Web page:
LoveSpell, $5.99, ISBN 0-505-52485-6
Fantasy Romance, 2002
Jan Zimlich’s The Shadow Prince is just slightly higher than the bottom of the barrel. Maybe it’s the nature of the romance genre that has authors believing that abusing the phrases “innocence” and “virgin” are all they need to create a barbarian utopia. Whatever it is, this “Virgin in the Hero’s Big House” story is another paean to child-like purity (with big breasts, naturally). I, for one, for it bewildering.
Set in the 600th century Media empire, the story begins with our pure pure pure puke heroine Lorienne left for dead by the evil evil evil woman leader of her tribe as a perverse form of tribute to the savage Busae warrior clan. The Busae dude, who is an evil evil evil dude and also the half-brother of our hero, spies Lorienne. He also spies his mysterious warlock brother, Adrik, spying on Lorienne, and realizes that this woman has captured Adrik’s attention. He decides to offer her to Adrik.
So Lorienne wakes up in Adrik’s mysterious castle and learns that he is a tormented man who has been raised from kiddiehood by a demon. Adrik claims to be cursed, ie one day he will step into some dark dimension to take the demon’s place or something. In the meantime, she lays there, helpless, sunburned, near death, starving, and yet entrancing Adrik with her purity, lovely “sun-raw skin”, her aristocratic and sculptured face, long flaxen hair, and as he rubs cream all over her skin (it’s medicinal cream, so don’t get too excited), he gets all horny all over.
Jeez. This must be some bizarre form of necrophilia if treating burned, malnourished, dirty, and near-dead women have our man bursting out of his pants like that.
Anyway, so there they are. As Lorienne protests weakly that no man will own her and other tired rot, he will soothe her, pamper her, and they marry, ooh. Sexual healing takes place, and everything is so swimmingly marvelous in our Barbaria Fantasia, until – oh no! Evil Busae half-bro kidnaps Lorienne! What to do? What to do!
This story is bursting to the brim with clunky, unintentionally humorous dialogues and bad eugenics (poor Busae half-bro – he carries out his duty as leader to his people, while Adrik hides and whines in his tower, and still everyone calls Adrik the better man), and even more hilarious scenes of “drama”. I’m sure Adrik’s weeping after he has bruised Lorienne pretty badly in the first boinking is supposed to be some touching scene, but the phrase “brought to her first joining” cracks me up. What, is Lorienne some Legoland thing now?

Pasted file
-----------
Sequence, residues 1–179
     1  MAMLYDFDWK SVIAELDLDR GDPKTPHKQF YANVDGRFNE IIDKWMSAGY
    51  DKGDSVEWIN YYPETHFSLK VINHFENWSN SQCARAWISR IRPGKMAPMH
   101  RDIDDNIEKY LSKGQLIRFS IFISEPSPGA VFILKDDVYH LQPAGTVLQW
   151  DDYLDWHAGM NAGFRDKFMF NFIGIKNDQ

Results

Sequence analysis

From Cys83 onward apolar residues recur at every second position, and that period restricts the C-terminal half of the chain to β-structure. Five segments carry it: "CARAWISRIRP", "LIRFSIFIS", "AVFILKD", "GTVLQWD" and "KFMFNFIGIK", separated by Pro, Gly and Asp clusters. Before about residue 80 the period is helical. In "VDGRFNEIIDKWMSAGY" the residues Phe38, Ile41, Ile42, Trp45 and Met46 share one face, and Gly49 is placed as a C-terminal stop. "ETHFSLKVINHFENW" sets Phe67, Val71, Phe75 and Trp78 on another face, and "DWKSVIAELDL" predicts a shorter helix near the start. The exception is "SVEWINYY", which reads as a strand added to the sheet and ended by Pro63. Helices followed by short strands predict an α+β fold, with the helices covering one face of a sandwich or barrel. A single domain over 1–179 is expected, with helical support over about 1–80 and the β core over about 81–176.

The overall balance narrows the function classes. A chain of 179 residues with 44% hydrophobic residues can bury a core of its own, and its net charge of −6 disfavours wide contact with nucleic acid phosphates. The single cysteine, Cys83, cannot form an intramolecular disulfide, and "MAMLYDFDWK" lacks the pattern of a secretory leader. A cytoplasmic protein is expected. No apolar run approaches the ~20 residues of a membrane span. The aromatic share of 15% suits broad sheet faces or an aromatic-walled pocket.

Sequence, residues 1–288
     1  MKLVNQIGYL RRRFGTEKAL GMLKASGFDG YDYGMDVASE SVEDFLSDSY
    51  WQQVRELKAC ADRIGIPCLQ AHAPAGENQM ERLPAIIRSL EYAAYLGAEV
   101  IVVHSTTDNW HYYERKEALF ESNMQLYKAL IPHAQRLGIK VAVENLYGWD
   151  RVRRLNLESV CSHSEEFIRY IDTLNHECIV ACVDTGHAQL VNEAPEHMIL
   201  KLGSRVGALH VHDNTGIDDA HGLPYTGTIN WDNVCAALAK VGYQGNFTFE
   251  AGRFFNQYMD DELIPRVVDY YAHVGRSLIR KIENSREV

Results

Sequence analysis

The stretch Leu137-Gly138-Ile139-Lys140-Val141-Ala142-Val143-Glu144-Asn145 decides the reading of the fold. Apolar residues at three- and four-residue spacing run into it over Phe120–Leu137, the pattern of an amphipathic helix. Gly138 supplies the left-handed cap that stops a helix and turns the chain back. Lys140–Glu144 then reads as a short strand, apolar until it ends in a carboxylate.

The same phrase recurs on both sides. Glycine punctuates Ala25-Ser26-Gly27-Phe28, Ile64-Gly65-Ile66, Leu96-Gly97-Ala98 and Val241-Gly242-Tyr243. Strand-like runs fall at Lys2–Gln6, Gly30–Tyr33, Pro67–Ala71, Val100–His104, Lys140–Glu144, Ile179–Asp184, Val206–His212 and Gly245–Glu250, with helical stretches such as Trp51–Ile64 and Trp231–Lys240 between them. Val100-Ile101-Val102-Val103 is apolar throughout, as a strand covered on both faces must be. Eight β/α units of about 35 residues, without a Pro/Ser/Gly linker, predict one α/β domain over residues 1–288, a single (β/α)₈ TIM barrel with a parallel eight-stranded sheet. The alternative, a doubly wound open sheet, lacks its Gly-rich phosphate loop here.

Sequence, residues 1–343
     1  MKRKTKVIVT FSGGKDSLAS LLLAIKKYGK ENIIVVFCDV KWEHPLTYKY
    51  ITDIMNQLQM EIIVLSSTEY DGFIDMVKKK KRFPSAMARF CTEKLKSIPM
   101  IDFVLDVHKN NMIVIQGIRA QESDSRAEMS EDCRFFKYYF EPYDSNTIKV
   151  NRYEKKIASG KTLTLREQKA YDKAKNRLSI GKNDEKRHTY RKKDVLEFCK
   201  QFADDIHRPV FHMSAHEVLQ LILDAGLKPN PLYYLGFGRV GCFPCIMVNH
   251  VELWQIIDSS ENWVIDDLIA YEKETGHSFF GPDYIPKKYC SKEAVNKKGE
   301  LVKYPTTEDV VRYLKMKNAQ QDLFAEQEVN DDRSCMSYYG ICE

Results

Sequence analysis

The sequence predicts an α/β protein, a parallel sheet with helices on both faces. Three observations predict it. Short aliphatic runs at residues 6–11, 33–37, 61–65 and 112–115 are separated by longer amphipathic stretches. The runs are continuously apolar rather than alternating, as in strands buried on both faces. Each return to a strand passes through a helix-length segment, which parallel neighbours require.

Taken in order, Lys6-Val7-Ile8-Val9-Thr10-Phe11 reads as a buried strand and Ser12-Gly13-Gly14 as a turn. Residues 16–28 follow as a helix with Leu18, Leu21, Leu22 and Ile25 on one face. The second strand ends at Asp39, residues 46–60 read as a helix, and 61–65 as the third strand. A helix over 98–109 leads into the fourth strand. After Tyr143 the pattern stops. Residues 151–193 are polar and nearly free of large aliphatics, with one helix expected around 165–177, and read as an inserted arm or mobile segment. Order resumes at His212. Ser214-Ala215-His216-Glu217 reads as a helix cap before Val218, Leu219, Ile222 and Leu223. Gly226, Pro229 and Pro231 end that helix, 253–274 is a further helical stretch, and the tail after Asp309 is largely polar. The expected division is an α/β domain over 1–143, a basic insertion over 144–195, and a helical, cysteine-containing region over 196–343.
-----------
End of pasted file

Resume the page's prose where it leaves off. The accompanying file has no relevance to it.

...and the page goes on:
Words like destiny, soul, and lovemaking scenes where purple goo gush forth from every word from this author’s florid pen all add up to a prime comedy of a read. I’m evil, I know, but after a long, gushy tampon and insurance commercial of a love scene that ends with a loud, throaty exclamation, “May all our mornings begin in such a fashion!”, I laugh so hard until I fear for my life. In this book, sex isn’t just sex, it’s a life-changing, earth-shattering experience that have both our main characters gushing forth new Tao yammering as they arched their glowing, luminous perfect torsos together. If only all our boinking is so illuminating. We don’t have to eat and drink and sit on the crapper anymore, because baybee, we can survive on each other’s breathing alone, and when we’re thirsty, we can… er, never mind.
Is this romantic? Sure, in a very overwrought “Love shakes the earth and makes me realize that I love her so much that I can never never NEVER survive without her – NOOOOO!” way even as giant morning glories bursts into bloom in the background. But me, I have a confession: when the author describes the teeth marks and bruises all over Lorienne’s body after the first love scene, while Adrik weeps in fear of his beastie nature, I actually felt a rather illicit thrill of excitement. Sad, I know, but I wish that Adrik has kept up that savage demon lover thing instead of turning into Lorienne’s New Age Destiny Yamma Bamama Ken Doll. Oh well, maybe fans of old-style barbarians and skimpily-clad damsels in distress fantasy romances will appreciate this one better than me.